twiggy girls (1977)

The 1960s – Two teenagers take fate into their own hands and become the ultimate fashion victims in this existential folie a deux starring Donna Modrowski and Michael Onesko. Story by Michael Onesko, original score by Mark Winner, directed by Dan Winner, voiceover by Linda Snelton, assisted by Germain Modrowski, Karen Winner and Connie Karabatsos. Shown at The Women’s Film Forum of Chicago, 1977.

lamenting the friend zone, or: the “nice guy” approach to perpetrating sexist bullshit

“If you don’t care enough about someone to enjoy their company and respect their decisions when sex is off the table, then that person is right not to sleep with you, because enjoying someone’s company and respecting their decisions is pretty much how sex gets on the table to start with.”

shattersnipe: malcontent & rainbows

Everyone’s heard of friendzoning – even if they don’t know the word, they sure as hell know the concept. It’s what happens time and again to unfortunate Nice Guys who, despite being nothing but sugar and spice to the girls they love, are nonetheless denied the sexual relationships they so obviously deserve and are instead treated like platonic equals – a terrible, unfair fate spawned by the dark side of feminism.

And if you thought even part of that statement was correct, Imma stop you right there.

To borrow the succinct, nail-head-hitting phraseology of one hexjackal*:

Friendzoning is bullshit because girls are not machines that you put Kindness Coins into until sex falls out.

Dear Hypothetical Interlocutor whose hackles just bristled with the unfairness of that statement; who thinks that girls can be in the Friend Zone, too, and that therefore this point is both invalid and reverse-sexist into…

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sons of kemet – beware/inner babylon

Hailing from the shadowy world of the London post-jazz scene, the incandescent Sons of Kemet are saxist/clarinetist Shabaka Hutchings, tuba virtuoso Oren Marshall, and the stunning double-drums team of Tom Skinner and Seb Rochford, powering a mix of dancefloor hooks and New Orleans street music with the percussive intricacy of west African drum music, a dose of Caribbean dub, and free jazz.

on a “deaf safari” with felix laband

Watch Felix Laband’s brilliant set at the 2015 Cape Town Electronic Music Festival on 8 February (click the hyperlink – the darn embed function doesn’t seem to work properly on WordPress).

Felix opens this particular “Deaf Safari” with a dodgy old recording (that I think I actually gave him!), of Marais and Miranda entertaining a frightfully colonial white 1950s audience with their “knowledge” of “Hottentot” and “Zooloo” linguistics. With a subversive stammer, it segues into an hour-long journey of cut-up sounds and visuals.

Laband displays fluent familiarity with and yet alienation from spectacular capitalist consumer tropes. The oversaturated bricolage of radio preachers, politicians, porn, pulp cinema, big game and exoticised cultural representations is absurd and defaced: eyeless, toothless, festering with skulls. Sound and visuals work in counterpoint: horny assemblages dripping blood and infection; a snatch of Cat Power’s languid “Satisfaction”. His work foregrounds our mindless addiction to and manipulation by these fragments bouncing off the walls onto one another, their banality dismembered, dislocated, demented, discordant, decaying.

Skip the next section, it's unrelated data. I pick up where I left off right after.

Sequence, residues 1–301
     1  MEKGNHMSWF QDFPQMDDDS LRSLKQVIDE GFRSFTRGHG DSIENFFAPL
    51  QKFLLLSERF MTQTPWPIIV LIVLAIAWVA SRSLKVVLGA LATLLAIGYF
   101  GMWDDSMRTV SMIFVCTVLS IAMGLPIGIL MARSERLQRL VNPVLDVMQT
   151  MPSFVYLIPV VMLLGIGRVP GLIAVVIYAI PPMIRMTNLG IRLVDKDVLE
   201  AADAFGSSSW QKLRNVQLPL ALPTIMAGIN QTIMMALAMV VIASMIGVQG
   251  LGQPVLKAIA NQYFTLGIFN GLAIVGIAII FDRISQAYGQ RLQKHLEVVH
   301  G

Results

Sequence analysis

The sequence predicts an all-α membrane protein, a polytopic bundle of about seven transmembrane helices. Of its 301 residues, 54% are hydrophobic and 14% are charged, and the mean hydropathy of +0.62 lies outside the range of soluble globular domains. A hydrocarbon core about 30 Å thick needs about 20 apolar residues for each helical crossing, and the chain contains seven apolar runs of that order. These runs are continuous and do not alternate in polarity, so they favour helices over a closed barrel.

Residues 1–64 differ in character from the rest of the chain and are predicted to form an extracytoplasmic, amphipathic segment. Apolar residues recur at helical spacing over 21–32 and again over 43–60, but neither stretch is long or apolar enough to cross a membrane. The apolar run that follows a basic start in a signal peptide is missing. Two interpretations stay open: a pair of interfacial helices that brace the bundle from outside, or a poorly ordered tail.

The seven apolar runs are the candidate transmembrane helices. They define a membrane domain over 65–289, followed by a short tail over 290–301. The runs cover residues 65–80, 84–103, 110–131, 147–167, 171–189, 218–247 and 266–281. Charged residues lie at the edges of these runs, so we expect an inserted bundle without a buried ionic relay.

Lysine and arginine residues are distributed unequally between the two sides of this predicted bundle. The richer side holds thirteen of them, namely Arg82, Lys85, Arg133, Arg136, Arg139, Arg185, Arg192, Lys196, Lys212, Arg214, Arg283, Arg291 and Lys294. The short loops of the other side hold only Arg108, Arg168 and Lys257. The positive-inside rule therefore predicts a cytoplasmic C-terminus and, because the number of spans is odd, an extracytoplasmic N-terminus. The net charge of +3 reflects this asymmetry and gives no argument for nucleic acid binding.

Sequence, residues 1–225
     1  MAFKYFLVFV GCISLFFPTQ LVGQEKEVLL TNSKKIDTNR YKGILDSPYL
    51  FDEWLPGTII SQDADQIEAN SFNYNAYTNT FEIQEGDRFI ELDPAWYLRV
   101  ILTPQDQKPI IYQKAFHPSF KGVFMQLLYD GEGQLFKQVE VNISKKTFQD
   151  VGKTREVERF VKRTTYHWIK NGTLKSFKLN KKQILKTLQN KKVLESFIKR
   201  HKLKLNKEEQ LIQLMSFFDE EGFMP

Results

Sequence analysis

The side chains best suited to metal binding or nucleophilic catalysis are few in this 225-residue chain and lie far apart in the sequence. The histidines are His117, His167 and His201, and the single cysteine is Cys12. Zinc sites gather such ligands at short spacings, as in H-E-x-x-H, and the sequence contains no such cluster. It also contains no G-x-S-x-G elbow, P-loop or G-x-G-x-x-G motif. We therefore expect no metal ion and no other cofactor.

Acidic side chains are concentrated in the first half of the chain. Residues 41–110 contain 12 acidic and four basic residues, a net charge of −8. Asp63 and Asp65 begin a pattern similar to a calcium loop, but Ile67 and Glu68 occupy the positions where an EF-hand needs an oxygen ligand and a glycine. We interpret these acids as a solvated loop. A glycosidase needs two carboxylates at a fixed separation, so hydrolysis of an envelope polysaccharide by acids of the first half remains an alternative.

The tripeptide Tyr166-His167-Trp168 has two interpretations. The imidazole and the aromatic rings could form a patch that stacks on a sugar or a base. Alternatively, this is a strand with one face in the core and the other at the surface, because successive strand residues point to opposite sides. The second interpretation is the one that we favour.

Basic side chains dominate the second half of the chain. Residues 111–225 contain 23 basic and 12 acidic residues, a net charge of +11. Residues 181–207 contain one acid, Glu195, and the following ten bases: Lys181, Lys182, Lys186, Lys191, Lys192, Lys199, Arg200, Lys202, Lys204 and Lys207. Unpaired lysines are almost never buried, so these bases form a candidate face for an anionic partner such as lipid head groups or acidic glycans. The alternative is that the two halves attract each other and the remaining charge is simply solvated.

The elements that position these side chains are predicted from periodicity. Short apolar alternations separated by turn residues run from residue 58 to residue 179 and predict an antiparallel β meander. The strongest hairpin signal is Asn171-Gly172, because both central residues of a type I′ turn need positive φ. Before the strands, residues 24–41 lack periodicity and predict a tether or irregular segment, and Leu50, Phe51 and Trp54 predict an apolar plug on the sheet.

A voice in Queen’s English: “I was wondering what it is that you don’t want to remember so badly… To put it another way, what are you trying to forget?”

The response, implied in the guitar run sampled from Nico’s “These Days”: “Please don’t confront me with my failures… I had not forgotten them.”

Felix forces us to examine ourselves honestly. This I love most deeply about what he does: he will not allow us to forget, nor feign ignorance. There are naive melodies, but there is no innocence, no deafness nor blindness. We are taken through his cabinet of jabbering apparitions, racist, patriarchal horror haunting every suburban corner, lullabies, toyi-toyi chants… The valley of the shadow of death… We are not tourists. This is our own back yard. We stare the nightmares down, bopping in slo-mo. The voices persist, demand acknowledgement until they dissolve. It’s a kind of exorcism.

And beyond that, always, despite all the schizophrenic folly and sadness, hope and jubilation live on in the unfinished refrains of blues ghosts captured long ago on wax… Vera Hall, Stack O’Lee, prisoners and murderers alike now free… and there is space to breathe, place to be here now, without judgement… we are bathed in grace and exquisite melody.  This is strong muti for South Africans’ sickness.

deaf safari

Collage: Felix Laband

I can’t wait for his new album, and I highly recommend that you see him live if you get the chance: he’s on form like never before and it’s a profound trip.

P.S. Read Sean O’Toole’s great interview piece for Mahala on Felix’s return (his new album, Deaf Safari, is set for release next month, after an almost decade-long gestation).